The IAJGS conference is screening two excellent films with Lithuanian
themes: "My Grandfather's House" and "Kupishok: Unto Each Name a Person."
These films will be shown in the fourth floor Ziegfield Room.
MY GRANDFATHER'S HOUSE: THE JOURNEY HOME
This personal documentary, follows filmmaker Eileen Douglas's determined
search to find her grandfather's house in Lithuania, the home he lived in
and left behind in 1911 when he fled, at 16, >from Kovno to America to
escape the Tsar's Army. Four decades after his death, with only fragments
to guide the way, the documentary is Douglas 's attempt to lift the veil
of darkness and discover "where it all began."
Traveling >from New York City, to the U.S. Holocaust Memorial Museum in
Washington, to her mother's attic in Syracuse, to the homes of relatives
and, finally, to the block in Kovno where her grandfather once lived, along
the way she unexpectedly unlocks the mystery of stories he never told,
discovers the fate of family members lost in the war, learns of the glory
that once was Lithuanian Jewry, finds living relatives missing for years
in Siberia, and resurrects a family shattered by the traumas of the 20th
The documentary weaves together original footage, old family photographs,
archival records, translations of old Yiddish letters, archival film footage,
family reminiscences, interviews, conversations, and music scored to evoke
a vanished era. Produced by Eileen Douglas and Ron Steinman, Directed by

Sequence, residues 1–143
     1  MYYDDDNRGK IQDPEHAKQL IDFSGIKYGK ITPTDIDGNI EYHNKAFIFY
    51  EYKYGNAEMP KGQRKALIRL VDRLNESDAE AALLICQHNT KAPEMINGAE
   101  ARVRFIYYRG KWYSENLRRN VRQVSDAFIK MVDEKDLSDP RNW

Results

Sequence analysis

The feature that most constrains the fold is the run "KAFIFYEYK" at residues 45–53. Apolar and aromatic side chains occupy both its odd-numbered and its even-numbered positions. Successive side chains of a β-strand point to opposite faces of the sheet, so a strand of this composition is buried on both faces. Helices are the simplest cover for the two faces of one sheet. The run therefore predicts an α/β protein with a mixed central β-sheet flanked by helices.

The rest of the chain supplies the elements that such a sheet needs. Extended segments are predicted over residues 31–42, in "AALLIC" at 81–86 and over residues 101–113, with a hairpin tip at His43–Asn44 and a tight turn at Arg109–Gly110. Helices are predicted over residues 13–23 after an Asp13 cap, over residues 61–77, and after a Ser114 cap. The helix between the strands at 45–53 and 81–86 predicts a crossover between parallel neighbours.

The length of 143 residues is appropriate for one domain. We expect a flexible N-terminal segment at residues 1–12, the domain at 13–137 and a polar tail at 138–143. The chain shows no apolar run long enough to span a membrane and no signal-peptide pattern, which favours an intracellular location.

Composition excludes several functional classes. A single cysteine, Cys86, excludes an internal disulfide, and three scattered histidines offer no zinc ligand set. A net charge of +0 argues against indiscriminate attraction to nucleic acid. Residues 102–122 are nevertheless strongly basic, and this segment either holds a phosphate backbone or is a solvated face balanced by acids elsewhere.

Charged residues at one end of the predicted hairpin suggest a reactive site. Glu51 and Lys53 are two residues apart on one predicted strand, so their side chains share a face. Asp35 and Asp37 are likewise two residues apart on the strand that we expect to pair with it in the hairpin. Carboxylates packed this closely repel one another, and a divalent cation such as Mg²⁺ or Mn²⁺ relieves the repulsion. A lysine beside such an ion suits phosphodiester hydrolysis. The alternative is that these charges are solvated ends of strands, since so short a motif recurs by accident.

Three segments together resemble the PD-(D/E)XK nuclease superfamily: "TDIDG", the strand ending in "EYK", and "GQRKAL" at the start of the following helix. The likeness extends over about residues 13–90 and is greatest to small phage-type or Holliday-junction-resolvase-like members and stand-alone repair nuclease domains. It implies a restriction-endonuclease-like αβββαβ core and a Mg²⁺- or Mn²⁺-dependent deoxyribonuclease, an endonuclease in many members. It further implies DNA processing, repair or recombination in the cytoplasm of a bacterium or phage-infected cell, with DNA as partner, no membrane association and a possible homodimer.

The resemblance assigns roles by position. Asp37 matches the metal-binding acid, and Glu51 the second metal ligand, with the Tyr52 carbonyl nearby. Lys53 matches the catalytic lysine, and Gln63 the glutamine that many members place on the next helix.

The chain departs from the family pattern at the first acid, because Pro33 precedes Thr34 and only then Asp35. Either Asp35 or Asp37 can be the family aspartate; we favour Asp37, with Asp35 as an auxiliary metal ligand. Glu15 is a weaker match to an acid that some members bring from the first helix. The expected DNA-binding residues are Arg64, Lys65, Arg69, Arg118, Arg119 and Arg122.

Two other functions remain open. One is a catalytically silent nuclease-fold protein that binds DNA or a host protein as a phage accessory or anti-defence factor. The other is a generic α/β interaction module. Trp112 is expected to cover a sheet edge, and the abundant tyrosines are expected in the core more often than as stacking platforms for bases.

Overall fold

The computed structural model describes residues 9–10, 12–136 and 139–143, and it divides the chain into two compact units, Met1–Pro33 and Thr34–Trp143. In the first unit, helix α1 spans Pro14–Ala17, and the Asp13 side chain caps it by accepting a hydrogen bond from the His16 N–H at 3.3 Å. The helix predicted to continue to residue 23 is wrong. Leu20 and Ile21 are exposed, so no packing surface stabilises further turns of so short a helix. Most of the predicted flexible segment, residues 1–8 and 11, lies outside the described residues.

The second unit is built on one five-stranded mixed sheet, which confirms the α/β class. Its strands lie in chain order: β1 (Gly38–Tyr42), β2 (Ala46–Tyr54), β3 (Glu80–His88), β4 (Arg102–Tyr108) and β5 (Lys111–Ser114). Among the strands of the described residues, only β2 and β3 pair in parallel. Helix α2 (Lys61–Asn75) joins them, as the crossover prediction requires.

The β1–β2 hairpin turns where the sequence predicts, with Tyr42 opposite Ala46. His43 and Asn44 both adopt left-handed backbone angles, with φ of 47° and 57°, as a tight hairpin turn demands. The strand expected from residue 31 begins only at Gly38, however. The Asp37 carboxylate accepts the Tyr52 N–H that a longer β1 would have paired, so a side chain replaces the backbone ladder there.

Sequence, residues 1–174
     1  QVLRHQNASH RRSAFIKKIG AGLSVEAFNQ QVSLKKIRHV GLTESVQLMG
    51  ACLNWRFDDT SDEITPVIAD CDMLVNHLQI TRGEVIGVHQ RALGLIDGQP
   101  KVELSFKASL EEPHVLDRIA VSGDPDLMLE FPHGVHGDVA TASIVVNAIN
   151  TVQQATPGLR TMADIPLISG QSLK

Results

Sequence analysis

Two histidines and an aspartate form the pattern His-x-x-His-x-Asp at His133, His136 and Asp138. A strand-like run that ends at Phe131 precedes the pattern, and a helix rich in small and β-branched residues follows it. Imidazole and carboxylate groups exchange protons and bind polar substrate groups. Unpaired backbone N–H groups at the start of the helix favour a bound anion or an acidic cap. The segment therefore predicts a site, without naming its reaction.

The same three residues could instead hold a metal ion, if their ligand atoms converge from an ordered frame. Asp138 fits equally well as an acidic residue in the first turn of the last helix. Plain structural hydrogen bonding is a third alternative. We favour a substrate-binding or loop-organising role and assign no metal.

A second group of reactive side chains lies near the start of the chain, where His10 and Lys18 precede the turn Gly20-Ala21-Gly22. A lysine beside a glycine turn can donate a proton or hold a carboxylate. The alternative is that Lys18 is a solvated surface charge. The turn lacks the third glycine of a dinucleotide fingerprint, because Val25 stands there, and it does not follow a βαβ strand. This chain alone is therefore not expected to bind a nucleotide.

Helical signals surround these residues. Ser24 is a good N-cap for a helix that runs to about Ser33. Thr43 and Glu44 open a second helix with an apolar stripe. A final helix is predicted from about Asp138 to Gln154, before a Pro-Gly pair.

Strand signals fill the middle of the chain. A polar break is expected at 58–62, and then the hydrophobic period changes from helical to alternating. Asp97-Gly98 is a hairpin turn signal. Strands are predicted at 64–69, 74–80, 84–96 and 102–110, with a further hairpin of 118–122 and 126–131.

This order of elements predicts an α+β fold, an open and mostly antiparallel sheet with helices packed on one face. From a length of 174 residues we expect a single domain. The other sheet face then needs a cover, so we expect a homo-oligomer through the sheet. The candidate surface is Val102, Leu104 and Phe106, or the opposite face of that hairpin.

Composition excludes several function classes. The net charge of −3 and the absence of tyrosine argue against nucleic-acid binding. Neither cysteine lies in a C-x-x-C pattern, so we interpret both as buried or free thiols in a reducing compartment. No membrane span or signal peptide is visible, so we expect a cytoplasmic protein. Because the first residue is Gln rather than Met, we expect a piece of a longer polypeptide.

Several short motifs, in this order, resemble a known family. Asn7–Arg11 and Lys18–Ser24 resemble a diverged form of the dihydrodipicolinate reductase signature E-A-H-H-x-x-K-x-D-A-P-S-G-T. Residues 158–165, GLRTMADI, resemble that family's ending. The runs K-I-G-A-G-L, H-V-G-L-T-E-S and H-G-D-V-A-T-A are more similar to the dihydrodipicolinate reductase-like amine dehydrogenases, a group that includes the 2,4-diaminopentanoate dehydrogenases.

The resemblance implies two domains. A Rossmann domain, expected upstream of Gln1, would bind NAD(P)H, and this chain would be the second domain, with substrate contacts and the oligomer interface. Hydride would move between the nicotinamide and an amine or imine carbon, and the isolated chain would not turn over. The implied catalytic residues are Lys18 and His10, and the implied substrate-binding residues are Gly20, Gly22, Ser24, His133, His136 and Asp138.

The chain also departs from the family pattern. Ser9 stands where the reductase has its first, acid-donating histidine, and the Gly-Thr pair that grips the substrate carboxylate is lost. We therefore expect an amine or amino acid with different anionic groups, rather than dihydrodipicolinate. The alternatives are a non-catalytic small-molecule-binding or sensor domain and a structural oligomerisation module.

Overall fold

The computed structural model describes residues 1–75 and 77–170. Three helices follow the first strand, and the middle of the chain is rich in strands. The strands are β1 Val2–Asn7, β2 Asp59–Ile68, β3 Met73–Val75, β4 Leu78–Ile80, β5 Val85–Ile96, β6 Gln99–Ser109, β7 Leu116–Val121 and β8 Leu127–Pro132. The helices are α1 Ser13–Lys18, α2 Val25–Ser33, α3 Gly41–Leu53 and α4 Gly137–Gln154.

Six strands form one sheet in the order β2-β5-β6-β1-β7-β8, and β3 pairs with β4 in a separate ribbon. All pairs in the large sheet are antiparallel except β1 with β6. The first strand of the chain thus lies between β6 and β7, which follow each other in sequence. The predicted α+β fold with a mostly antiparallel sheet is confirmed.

Monday, August 14th - 8:30PM and Thursday, August 17th - 2:30PM - Both
screenings will be with the filmmakers Ron Steinman and Eileen Douglas
KUPISHOK; UNTO EACH NAME A PERSON
In the aftermath of World War II, Christian midwives in Kupiskis, a small
Lithuanian shtetl (village) that was called Kupishok by its Jews, compiled
a list of the Jews of the town that were murdered by the German Nazis and
their Lithuanian accomplices in the summer of 1941. All of the Jewish men,
women and children in the town were herded into a makeshift ghetto and
then marched to a cemetery reserved for atheists, where they were shot
and buried in unmarked pits. The midwives' list of more than 800 precious
names was a secret Mitzvah (good deed) until the Soviets left Lithuania in
the early 1990s and a small numbers of survivors and descendants of the
town's Jews were allowed to visit the town.
On July 13, 2004, more than 50 survivors and descendants of the Jews of
Kupishok, ages 9 to 86, now living in the United States, Israel, the UK,
Denmark, South Africa and Australia, returned to the
town to dedicate a magnificent Wall of Memory, designed and constructed in
Washington, D.C. Unlike most other Holocaust memorials in Europe, the Wall
of Memory is not in a killing field or cemetery: it is in the center of
town, where ordinary citizens, particularly children, see its vital and
unforgettable message, portrayed in Lithuanian, Hebrew and English.
Co-produced by Ian Rogow and Alec Meyer.
Thursday, August 17th - 9:30AM
Several people involved in the 2004 trip to Kupishok and the making of this
film will be in attendance.
Eileen Douglas and Ron Steinman will also be panelists on the "Visual
Storytelling" panel on Wednesday, August 16th at 7:30PM.
Order forms for "My Grandfather's House" will be available in the Ziegfeld
IAJGS Conference Film Co-Cordinator
MODERATOR'S NOTE: Eileen Douglas will also be the speaker at the LitvakSIG
luncheon on Tuesday, August 15.